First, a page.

I don’t remember if ever reading Emily Bronte’s Wuthering Heights. I think my high school English class got to vote on whether we read it or Macbeth and, being the lazy honors level seniors that we were, we picked Shakespeare because it was infinitely shorter and, you know, a play. I do have a general idea of what happens in Bronte’s book, though, so when I saw a book Goodreads described as “A remaking of Emily Brontë’s Wuthering Heights set in postwar Japan,” I couldn’t help but enter the First Reads giveaway for it. And I won.
The books start off sort of strangely, with author Minae Mizumura explaining how she came to write her novel. More complicated still is the explanation Mizumura gives of the classic Japanese “I novel” and “true novel” that she seeks to emulate. Pardon me if I don’t get it exactly, but I’m fairly certain the gist of it is that the author play some role in the novel, for the “I novel,” and that the novel be based on true events, for the “true novel.”
So Mizumura tells the story of her childhood as a Japanese girl in the United States. Her father takes a man, a private chauffeur, named Taro Azuma under his wing and she gets to see Azuma rise up to be an incredibly rich man in his own right. Mizumura had a crush on the mysterious, stoic Azuma and thoughts of him haunted her years after they last met. But it was only when she taught a class at Stanford and encountered a Japanese student that she found something to write a “true novel” about.
At this point in the story, about a third of the way through the first book of the two book set, I wasn’t at all sure I wanted to move from non-fiction to an at least semi-fictional novel. I liked Mizumura and I felt like the story was over. I almost gave up on the book.
I am so glad I didn’t give up on the book.
The Japanese student Mizumura accidentally encounters tells her the story of Taro Azuma and she then weaves it into a so-called true novel. That being said, I have no idea what the truth behind Taro Azuma is, and she does not change his name, but I love the story she tells for him.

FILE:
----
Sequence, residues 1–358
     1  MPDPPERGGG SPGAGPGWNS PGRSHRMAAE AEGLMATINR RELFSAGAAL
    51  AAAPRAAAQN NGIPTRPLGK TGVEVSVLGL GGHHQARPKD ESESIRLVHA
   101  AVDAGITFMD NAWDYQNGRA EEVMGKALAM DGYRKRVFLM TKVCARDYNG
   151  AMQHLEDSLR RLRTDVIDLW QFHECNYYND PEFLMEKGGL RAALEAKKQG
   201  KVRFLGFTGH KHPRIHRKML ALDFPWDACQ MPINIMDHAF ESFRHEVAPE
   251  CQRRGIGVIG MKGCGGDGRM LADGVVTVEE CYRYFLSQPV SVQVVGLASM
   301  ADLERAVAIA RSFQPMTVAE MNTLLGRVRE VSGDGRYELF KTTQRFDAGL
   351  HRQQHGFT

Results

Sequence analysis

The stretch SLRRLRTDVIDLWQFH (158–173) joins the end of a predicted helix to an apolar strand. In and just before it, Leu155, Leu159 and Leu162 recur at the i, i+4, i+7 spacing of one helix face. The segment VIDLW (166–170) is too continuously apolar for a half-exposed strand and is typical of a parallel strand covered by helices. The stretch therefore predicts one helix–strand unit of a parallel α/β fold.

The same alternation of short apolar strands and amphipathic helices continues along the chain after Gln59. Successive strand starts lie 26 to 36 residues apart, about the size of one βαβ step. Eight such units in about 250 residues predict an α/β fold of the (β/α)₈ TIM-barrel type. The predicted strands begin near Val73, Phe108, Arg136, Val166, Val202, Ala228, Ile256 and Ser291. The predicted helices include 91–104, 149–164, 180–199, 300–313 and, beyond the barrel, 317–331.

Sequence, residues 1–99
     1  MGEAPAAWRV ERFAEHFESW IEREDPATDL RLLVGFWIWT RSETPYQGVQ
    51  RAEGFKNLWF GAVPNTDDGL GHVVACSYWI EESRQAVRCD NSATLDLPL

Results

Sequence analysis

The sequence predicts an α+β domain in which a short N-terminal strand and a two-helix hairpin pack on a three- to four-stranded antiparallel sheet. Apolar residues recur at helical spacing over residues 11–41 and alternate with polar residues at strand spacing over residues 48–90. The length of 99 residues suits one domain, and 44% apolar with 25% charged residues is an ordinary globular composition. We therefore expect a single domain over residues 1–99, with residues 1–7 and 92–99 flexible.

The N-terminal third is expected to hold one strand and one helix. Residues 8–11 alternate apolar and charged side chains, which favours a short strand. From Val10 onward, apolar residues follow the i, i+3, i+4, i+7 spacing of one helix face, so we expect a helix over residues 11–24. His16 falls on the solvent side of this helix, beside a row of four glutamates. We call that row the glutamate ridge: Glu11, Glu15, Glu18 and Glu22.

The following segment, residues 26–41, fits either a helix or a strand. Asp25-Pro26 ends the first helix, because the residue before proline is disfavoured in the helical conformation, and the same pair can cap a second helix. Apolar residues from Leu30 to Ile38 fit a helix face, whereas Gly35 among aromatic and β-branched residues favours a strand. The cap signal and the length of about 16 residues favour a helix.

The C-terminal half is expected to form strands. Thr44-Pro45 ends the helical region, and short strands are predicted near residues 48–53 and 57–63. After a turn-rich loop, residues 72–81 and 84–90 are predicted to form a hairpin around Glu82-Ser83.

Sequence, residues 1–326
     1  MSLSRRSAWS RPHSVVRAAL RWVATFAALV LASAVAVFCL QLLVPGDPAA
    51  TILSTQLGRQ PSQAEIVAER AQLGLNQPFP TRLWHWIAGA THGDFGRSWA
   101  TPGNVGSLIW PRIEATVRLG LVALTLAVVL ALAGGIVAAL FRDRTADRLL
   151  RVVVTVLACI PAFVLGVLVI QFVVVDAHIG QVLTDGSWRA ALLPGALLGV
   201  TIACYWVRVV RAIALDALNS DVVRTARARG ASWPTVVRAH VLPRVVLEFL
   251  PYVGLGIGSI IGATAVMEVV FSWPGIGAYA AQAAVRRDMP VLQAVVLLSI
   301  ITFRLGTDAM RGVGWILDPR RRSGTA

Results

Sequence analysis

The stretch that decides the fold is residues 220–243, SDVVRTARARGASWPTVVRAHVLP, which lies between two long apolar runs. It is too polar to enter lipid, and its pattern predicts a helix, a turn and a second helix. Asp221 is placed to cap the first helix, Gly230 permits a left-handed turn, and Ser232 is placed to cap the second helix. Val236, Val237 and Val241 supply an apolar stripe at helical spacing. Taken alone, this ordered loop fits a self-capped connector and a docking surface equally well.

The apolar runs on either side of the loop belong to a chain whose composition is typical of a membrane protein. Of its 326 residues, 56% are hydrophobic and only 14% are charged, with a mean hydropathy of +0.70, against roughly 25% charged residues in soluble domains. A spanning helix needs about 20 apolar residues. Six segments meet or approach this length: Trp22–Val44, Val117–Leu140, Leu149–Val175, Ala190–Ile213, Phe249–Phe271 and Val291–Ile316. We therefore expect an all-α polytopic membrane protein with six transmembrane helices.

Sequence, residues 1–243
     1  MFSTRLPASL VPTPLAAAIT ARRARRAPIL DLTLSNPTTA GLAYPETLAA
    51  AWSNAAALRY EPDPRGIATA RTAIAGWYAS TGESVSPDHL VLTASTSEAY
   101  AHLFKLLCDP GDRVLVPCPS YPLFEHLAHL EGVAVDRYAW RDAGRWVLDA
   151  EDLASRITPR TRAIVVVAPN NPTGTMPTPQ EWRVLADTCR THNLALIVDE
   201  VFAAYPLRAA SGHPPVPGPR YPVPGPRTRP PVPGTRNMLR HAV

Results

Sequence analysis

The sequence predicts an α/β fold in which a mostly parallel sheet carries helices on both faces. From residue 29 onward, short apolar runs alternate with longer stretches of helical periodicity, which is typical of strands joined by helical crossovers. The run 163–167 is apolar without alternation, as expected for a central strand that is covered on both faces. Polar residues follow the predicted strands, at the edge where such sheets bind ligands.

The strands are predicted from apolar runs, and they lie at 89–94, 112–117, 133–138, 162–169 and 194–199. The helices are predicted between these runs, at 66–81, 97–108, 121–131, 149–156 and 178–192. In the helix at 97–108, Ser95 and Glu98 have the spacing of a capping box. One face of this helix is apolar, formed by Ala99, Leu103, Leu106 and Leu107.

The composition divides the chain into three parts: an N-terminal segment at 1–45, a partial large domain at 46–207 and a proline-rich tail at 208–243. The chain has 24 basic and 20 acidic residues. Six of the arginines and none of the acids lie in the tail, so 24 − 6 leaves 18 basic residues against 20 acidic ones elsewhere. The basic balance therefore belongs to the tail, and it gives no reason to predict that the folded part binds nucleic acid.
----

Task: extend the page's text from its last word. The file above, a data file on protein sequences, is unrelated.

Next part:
The story is narrated by Fumiko, a housemaid for one of the Saegusa sisters in the decades following World War II. Taro is the orphaned, half-Japanese, half-Chinese nephew of the nephew of the rickshaw man who lives on the property where Fumiko works. In time, he befriends Yoko, the small and sickly daughter of the family. In time, he falls hopelessly in love with her.
But even though it is the 1950s and 1960s and so on, old prejudices died hard in Japan. The Saegusa sisters would never allow a child of theirs to really and truly “be” with someone so inconsequential as Taro Azuma. Over the years, Fumiko watches as Yoko and Taro feel everything so passionately that she knows it will destroy them in the end. That’s where the story compares with Bronte, I suppose.
Even more than the love story that was, can never be, is, and can’t possibly last between Taro Azuma and Yoko Utagawa, A True Novel is the story of Japan in the post-war decades. It’s fascinating, to put it simply. Long a closed society in the extreme, the old guard in Japan (i.e. the Saegusa sisters and their generation) are holding tight to yesterday. Their children are struggling to balance the old with the new. And the third generation is happily branching out around the world. No one really could survive unscathed and the characters in Mizumura’s story are no exception.
Like Bronte, there is no cut and dry happy ending to this story. It ends, or rather some of it ends. And people live on.
Just as in life, the story keeps going through the moments of happiness and heartache.
Read this book. Please.